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United States v. Thomas

United States District Court, N.D. Oklahoma

May 17, 2018

UNITED STATES OF AMERICA, Plaintiff,
v.
BRIAN J. THOMAS, Defendant.

          OPINION AND ORDER

          James R Payne Judge

         Before the Court are (1) Defendant Brian J. Thomas's (“Defendant”) pro se motion under 28 U.S.C. § 2255 to vacate, set aside, or correct sentence by a person in federal custody (Dkt. 28); (2) the Government's motion to dismiss Defendant's § 2255 motion (Dkt. 32); and (3) Defendant's response to the Government's motion to dismiss (Dkt. 33). Defendant seeks relief pursuant to the United States Supreme Court's decision in Johnson v. United States, 135 S.Ct. 2551 (2015). The Government opposes Defendant's motion and urges the Court to dismiss the motion as untimely. For the reasons cited herein, Defendant's motion pursuant to § 2255 is DISMISSED and the Government's motion to dismiss is GRANTED.

         BACKGROUND

         In 2015, Defendant pleaded guilty to arson, in violation of 18 U.S.C. § 844(i) (Count One). (See Dkt. 26 (Judgment & Commitment)). In advance of sentencing, the United States Probation Office prepared a Presentence Investigation Report (“PSR”) as to Defendant, in which it was recommended he be classified as a career offender under the United States Sentencing Guidelines (“Guidelines”). (PSR ¶ 16). Defendant was classified as a career offender because (1) the offense of conviction in Count One (arson) was a felony crime of violence and (2) he had prior convictions for two crimes of violence. (PSR ¶ 16). Defendant's predicate career offender convictions were (1) two counts of Arson First Degree (Sequoyah County Case No. CF-1996-00221) and (2) Feloniously Pointing Weapon (Tulsa County Case No. CF-2003-2598). (PSR ¶ 16).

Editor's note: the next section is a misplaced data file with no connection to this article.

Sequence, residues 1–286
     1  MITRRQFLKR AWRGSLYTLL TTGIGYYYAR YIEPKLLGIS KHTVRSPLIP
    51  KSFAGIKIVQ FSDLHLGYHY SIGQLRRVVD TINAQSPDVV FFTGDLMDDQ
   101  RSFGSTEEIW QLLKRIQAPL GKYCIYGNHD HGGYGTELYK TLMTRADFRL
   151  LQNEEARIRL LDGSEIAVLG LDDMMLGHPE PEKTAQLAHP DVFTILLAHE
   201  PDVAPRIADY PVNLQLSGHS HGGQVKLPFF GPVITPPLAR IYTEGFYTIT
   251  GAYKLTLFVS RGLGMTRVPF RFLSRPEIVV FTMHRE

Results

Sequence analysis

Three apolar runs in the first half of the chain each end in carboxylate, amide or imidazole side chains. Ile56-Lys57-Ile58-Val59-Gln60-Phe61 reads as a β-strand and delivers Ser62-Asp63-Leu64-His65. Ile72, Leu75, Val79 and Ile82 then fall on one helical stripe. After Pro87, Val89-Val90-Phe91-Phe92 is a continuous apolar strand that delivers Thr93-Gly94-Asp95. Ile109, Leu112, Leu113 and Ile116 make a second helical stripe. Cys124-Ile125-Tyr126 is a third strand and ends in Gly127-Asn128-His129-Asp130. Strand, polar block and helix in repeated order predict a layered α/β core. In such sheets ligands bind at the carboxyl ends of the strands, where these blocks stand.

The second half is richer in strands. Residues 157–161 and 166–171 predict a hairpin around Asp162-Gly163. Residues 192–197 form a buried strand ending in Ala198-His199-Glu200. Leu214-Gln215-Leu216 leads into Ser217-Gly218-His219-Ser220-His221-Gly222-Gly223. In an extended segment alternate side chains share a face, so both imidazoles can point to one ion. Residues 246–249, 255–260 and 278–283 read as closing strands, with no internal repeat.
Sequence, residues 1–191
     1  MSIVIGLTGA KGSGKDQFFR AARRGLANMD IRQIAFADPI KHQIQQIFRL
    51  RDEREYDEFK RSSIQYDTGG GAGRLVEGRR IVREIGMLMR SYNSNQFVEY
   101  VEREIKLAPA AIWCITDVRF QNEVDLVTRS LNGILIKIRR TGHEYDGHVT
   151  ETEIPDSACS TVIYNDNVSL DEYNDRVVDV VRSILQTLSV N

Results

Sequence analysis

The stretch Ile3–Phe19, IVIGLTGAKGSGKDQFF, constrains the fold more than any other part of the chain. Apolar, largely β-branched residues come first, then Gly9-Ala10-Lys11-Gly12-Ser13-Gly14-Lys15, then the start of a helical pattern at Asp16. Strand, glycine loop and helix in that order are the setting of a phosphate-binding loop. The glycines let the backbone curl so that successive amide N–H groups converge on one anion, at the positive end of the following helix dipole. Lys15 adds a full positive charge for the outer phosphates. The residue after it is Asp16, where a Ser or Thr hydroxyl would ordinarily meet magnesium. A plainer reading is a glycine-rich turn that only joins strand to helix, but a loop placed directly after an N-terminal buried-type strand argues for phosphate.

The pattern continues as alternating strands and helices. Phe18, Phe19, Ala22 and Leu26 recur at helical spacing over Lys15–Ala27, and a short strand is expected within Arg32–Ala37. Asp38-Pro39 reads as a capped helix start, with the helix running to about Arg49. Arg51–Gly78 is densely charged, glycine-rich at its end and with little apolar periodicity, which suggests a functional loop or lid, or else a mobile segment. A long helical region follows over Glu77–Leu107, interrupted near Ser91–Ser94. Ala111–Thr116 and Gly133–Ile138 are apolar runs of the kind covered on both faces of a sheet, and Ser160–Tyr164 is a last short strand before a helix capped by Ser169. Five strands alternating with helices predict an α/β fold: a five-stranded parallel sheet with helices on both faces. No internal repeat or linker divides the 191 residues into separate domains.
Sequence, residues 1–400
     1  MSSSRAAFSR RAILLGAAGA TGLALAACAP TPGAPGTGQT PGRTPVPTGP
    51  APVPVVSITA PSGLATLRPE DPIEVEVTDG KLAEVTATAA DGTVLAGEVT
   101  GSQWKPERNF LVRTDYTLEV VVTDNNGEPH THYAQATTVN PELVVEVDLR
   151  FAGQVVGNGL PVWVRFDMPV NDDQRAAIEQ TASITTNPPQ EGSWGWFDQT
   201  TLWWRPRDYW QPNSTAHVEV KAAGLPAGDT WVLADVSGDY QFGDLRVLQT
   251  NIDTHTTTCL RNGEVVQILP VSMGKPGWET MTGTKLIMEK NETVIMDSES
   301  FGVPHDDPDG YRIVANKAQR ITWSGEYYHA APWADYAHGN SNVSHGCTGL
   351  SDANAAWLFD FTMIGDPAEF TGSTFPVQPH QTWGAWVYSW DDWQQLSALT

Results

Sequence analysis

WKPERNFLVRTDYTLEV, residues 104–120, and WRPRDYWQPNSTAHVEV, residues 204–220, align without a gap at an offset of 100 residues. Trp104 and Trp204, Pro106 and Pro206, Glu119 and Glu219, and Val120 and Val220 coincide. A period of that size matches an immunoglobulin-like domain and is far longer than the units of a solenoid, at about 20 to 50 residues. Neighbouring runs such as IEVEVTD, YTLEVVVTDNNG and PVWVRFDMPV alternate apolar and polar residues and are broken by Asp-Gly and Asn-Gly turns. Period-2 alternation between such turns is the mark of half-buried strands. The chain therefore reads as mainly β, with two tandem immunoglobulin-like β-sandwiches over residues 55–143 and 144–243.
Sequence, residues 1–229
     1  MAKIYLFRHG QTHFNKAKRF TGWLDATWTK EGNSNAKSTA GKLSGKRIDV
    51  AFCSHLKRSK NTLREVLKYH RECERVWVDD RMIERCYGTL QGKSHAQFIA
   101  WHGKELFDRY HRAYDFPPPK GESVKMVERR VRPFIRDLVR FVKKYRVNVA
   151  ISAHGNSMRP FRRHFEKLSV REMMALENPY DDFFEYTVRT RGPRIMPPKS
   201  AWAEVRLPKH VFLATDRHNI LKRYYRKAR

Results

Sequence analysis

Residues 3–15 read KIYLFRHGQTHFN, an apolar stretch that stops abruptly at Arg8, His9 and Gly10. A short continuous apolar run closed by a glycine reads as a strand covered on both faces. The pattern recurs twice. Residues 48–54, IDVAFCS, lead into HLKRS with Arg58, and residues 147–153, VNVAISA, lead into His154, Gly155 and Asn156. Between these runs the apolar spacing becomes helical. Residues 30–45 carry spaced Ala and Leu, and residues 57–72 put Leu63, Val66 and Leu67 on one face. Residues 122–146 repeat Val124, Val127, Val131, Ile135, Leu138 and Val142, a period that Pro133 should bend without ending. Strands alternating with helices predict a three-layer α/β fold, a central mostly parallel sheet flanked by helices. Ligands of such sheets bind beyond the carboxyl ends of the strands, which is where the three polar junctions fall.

Defendant was sentenced on December 22, 2015. At sentencing, the Court adopted the PSR without change. (Dkt. 25 (Minute Sheet - Sentencing)). The Court sentenced Defendant to imprisonment for 92 months on Count One. (Dkt. 26 (Judgment & Commitment)). Defendant filed an Acknowledgment and Waiver of Right to Appeal on December 30, 2015. Defendant did not appeal his conviction or sentence, which became final on January 6, 2016. He did not file a § 2255 motion or other collateral challenge prior to the present proceeding.

         On April 13, 2017, Defendant filed a motion pursuant to 28 U.S.C. § 2255 to vacate, set aside or correct his sentence. (Dkt. 28). Defendant raises three grounds in his motion: (1) his feloniously pointing weapon conviction is no longer a valid career offender predicate in light of United States v. Johnson, 135 S.Ct. 2551 (2015); (2) his attorney rendered ineffective assistance of counsel by failing to appeal the use of his feloniously pointing weapon conviction; and (3) his feloniously pointing weapon conviction was not a violent crime under the Guidelines. (Dkt. 28). Defendant asserts his motion is timely, because it was filed within a year of the decision in Welch v. United States, 136 S.Ct. 1257 (2016), which made Johnson retroactive. The Government filed a motion to dismiss Defendant's § 2255 motion, arguing it was untimely filed. (Dkt. 32). Defendant filed a response to the Government's motion, in which he reiterates his argument that the feloniously pointing weapon conviction is an improper career offender predicate. (Dkt. 33).

         DISCUSSION